Seattle Central Waterfront, Part 3: Yesler's Mill meets Elliott Bay: Foot of Yesler Way

  • By Paul Dorpat
  • Posted 5/24/2000
  • Essay 2473
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The waterfront at the foot of Yesler Way (piers 1 and 2 by pioneer arithmetic, later piers 50 and 51) serves as an auto staging area for the Washington State Ferries terminal. Yesler's Wharf (there is today a plaque but no pier to mark the spot) was the site of Seattle's first steam-powered sawmill, built by Henry Yesler in 1852 at the foot of Mill Street (now Yesler Way). This pier was the center of local maritime commerce until it was destroyed by the Great Fire of 1889. Yesler's Wharf was replaced by piers 1 and 2 (later renamed 50 and 51) built by the Northern Pacific Railroad, and later operated by the Alaska Steamship Company. The piers were removed in the 1960s to accommodate the needs of the Washington State Ferry System.

Yesler's Wharf

The waterfront history of Seattle may be said to have begun in 1853 when the barely second wave industrialist Henry Yesler began operating the first steam-powered sawmill on Puget Sound at the foot of Mill Street (Yesler Way). A map of Seattle drawn by Lieut. Phelps in 1856 (corrected later by Clarence Bagley with modern street names) shows a short dock leading off shore from the mill, both in direct line with the street.

The first surviving photograph of Yesler’s Wharf was recorded by George Robinson, an itinerate photographer from Victoria B.C. during his visit in 1869. The detail includes dugout canoes near the foot of Washington Street and, most likely, the sidewheel steamer Wilson G. Hunt heading out from the wharf. Yesler built his third and last mill on his wharf in 1882 after his second mill burned down in 1879. In 1887 this mill was also destroyed by fire. Two years later the wharf itself burned to the tides during Seattle's “Great Fire,” which occurred in June 1889. Following the fire, the wharf Henry Yesler constructed on the stumps of his old dock was modest when compared to the grander wharves and pier sheds built by the Oregon Improvement Company directly south of Yesler’s pioneer site.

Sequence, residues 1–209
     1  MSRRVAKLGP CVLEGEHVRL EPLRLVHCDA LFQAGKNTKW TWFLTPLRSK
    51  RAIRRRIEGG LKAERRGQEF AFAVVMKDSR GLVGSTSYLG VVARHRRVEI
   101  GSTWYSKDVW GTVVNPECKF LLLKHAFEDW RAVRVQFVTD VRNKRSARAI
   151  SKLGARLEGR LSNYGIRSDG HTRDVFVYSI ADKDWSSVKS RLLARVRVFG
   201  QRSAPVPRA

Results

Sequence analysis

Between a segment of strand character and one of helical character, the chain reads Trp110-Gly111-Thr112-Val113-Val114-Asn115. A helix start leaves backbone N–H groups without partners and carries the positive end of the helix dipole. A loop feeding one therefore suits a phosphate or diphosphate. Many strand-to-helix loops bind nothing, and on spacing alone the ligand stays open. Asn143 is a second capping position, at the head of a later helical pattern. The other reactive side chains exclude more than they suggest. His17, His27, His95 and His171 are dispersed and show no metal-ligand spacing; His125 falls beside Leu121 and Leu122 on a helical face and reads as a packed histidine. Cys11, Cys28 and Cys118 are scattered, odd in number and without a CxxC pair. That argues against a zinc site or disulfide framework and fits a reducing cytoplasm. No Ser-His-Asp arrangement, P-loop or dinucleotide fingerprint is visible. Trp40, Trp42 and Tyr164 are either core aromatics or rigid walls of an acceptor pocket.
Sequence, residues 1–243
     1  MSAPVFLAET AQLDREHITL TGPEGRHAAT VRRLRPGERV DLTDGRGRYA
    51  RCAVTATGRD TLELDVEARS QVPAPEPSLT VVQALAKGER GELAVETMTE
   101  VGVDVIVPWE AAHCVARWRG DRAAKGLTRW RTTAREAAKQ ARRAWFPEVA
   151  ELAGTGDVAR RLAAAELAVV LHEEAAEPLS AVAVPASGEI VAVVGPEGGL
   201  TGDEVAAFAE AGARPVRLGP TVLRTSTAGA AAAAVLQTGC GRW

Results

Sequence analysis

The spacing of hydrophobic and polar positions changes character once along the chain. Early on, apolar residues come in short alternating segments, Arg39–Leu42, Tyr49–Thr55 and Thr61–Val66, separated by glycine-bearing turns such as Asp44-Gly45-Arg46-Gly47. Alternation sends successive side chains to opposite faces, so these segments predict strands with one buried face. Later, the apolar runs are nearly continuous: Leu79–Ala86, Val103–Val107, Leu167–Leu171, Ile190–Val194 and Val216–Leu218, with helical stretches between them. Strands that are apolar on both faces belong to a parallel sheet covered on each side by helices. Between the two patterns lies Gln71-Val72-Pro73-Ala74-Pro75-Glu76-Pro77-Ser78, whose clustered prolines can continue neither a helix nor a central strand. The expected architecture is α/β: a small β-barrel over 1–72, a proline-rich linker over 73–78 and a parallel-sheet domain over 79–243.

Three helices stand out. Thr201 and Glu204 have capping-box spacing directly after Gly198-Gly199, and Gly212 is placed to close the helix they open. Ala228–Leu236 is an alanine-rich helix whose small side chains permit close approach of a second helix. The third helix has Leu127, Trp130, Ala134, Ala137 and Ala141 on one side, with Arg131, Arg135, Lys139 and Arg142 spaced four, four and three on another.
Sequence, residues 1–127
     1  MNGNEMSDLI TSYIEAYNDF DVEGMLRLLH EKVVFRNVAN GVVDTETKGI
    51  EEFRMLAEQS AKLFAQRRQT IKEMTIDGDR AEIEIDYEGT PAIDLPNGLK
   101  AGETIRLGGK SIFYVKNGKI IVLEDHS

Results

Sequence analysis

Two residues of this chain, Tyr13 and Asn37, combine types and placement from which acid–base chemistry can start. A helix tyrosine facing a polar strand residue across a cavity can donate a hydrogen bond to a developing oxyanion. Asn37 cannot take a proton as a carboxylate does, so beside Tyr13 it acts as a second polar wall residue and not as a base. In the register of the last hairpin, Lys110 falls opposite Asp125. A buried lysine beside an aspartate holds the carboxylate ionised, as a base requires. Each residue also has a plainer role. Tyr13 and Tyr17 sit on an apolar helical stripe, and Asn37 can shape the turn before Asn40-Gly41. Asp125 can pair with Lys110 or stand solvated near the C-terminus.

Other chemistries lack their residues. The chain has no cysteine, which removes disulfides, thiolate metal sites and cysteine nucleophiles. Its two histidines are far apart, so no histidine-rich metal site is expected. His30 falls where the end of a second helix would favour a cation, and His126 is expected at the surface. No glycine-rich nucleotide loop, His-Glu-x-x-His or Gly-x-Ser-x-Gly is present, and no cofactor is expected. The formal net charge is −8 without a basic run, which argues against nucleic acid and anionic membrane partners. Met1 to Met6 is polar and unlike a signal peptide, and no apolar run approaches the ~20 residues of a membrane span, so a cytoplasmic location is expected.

The Alaska Steamship Co. and the Seawall

For many years after its construction at the beginning of the twentieth century, Pier 2 at the foot of Yesler Way was home for the Alaska Steamship Company.

The construction of a seawall from Washington to Madison streets was the city’s first serious attempt to still the tide from below Railroad Avenue. This work began in 1911 and was completed five years later.

The World's Fair and After

Piers 50 and 51 were put to use during Seattle's World's Fair (Century 21) in 1962. The MS Dominion Monarch was docked here as a hotel ship during the fair. The police department's harbor patrol boats shared the slip between piers 49 and 50 with the hotel ship. A Polynesian restaurant was built at the far end of Pier 51.

Ultimately the two long Northern Pacific Piers at the foot of Yesler Way were removed to make way for an expansion of vehicle staging lots for the Washington State Ferries. Pier 51 is today the dock for the Seattle/Vashon ferry.

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Clarence B. Bagley, History of Seattle (Chicago: S. J. Clarke Publishing Co., 1916) and History of King County (Chicago: S. J. Clarke Publishing Co., 1929); Richard C. Berner, Seattle in the 20th Century, Vols. 1, 2 & 3 (Seattle: Charles Press, 1991, 1992 & 1999); Padraic Burke, et al., Pioneers and Partnerships: A History of the Port of Seattle (Seattle: Port of Seattle, 1995); Walt Crowley, National Trust Guide: Seattle (New York: Preservation Press, 1998); Paul Dorpat, Seattle Now & Then, Vols. I, II & III (Seattle: Tartu Press, 1984, 1988 & 1989); Edmond S. Meany, History of the State of Washington (New York: MacMillan Company, Publishers, 1950); Murray Morgan, Skid Road (New York: Viking, 1951); David J. Olson, et al., Port in a Storm: An Historical Review of the Founding of the Port of Seattle (Seattle: Port of Seattle, 1970); Roger Sale, Seattle: Past & Present (Seattle: University of Washington Press, 1976); James R. Warren, King County and its Queen City: Seattle (Woodland Hills, CA: Windsor Publications, Inc., 1981).

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